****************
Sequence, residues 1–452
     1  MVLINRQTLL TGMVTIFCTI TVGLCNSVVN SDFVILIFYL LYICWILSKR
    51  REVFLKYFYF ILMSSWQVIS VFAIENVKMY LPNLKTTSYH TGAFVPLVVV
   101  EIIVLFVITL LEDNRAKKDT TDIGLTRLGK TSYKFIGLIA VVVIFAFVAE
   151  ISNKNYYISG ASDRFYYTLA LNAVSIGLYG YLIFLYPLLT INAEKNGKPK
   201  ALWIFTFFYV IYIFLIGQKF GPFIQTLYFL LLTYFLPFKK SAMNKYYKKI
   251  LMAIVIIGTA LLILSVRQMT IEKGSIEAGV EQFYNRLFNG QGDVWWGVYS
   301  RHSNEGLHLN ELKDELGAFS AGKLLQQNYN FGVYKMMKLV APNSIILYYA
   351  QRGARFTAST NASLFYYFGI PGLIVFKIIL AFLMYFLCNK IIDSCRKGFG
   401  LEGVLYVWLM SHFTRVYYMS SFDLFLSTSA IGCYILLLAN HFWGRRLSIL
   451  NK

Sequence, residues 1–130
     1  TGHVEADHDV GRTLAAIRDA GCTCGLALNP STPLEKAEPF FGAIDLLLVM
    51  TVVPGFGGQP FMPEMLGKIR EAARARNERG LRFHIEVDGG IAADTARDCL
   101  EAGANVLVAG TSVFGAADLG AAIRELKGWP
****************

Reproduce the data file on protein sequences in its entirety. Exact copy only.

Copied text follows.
Sequence, residues 1–452
     1  MVLINRQTLL TGMVTIFCTI TVGLCNSVVN SDFVILIFYL LYICWILSKR
    51  REVFLKYFYF ILMSSWQVIS VFAIENVKMY LPNLKTTSYH TGAFVPLVVV
   101  EIIVLFVITL LEDNRAKKDT TDIGLTRLGK TSYKFIGLIA VVVIFAFVAE
   151  ISNKNYYISG ASDRFYYTLA LNAVSIGLYG YLIFLYPLLT INAEKNGKPK
   201  ALWIFTFFYV IYIFLIGQKF GPFIQTLYFL LLTYFLPFKK SAMNKYYKKI
   251  LMAIVIIGTA LLILSVRQMT IEKGSIEAGV EQFYNRLFNG QGDVWWGVYS
   301  RHSNEGLHLN ELKDELGAFS AGKLLQQNYN FGVYKMMKLV APNSIILYYA
   351  QRGARFTAST NASLFYYFGI PGLIVFKIIL AFLMYFLCNK IIDSCRKGFG
   401  LEGVLYVWLM SHFTRVYYMS SFDLFLSTSA IGCYILLLAN HFWGRRLSIL
   451  NK

Sequence, residues 1–130
     1  TGHVEADHDV GRTLAAIRDA GCTCGLALNP STPLEKAEPF FGAIDLLLVM
    51  TVVPGFGGQP FMPEMLGKIR EAARARNERG LRFHIEVDGG IAADTARDCL
   101  EAGANVLVAG TSVFGAADLG AAIRELKGWP